Confronting the Wild Orchid Trade
The demand for wild orchids and their derivatives continues to grow unabated in China. Plants are collected for use in Traditional Chinese Medicine (TCM) and for horticulture, and over-extraction now constitutes the single greatest threat to their survival in the region. Observations indicate that species selection is not taxonomically or temporally uniform: particular, high profile ‘primary’ taxa are preferentially targeted and removed from the wild first, followed by ‘secondary’ substitute taxa once supplies of the former have been exhausted. This demand has the capacity to impact natural areas far removed from the point of sale. These dynamics probably arise because species are either locally non-native or because they have already been depleted in the wild in the vicinity of the area of consumption, and is facilitated by a low cost of collection at source and well organised supply chains. The trade is clearly unsustainable but because basic inventory data for orchids is lacking in the region, it is not possible at present to determine which species face the greatest risk of extinction in the wild.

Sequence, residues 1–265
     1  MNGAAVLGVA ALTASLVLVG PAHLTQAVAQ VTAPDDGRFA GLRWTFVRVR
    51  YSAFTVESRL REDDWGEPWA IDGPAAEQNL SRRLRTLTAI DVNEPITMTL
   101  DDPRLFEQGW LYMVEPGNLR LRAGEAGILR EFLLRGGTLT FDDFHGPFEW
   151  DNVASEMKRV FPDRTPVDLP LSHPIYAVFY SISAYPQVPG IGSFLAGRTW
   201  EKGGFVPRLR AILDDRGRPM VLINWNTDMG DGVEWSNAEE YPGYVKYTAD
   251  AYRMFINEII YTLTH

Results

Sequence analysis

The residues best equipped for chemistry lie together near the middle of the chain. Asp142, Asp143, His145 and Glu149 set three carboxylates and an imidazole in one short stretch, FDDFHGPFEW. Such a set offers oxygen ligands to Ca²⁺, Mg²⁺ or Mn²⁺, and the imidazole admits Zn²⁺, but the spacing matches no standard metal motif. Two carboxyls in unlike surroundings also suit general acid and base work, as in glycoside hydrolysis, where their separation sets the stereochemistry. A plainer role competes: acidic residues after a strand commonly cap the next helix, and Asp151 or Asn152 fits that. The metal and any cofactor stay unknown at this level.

KFBG is attempting to quantify these dynamics at the heart of the trade in South China and neighbouring countries. We are comparing orchid diversity at sites that range from (near-) pristine through depleted to exhausted habitats in the wild on the one hand, versus locally representative through enriched to pooled stocks of increasingly widely sourced taxa at points of sale on the other. This is helping us to identify species or species groups at higher risk of extinction due to over-collection, and will allow for improved characterisation of trade dynamics and trends for improved regulation and mitigation. Given the enormous natural diversity of orchids in the region, and the perennial problem of accurate species identification in the absence of fertile specimens, we are applying molecular techniques (DNA barcodes) for the identification of plants and their parts.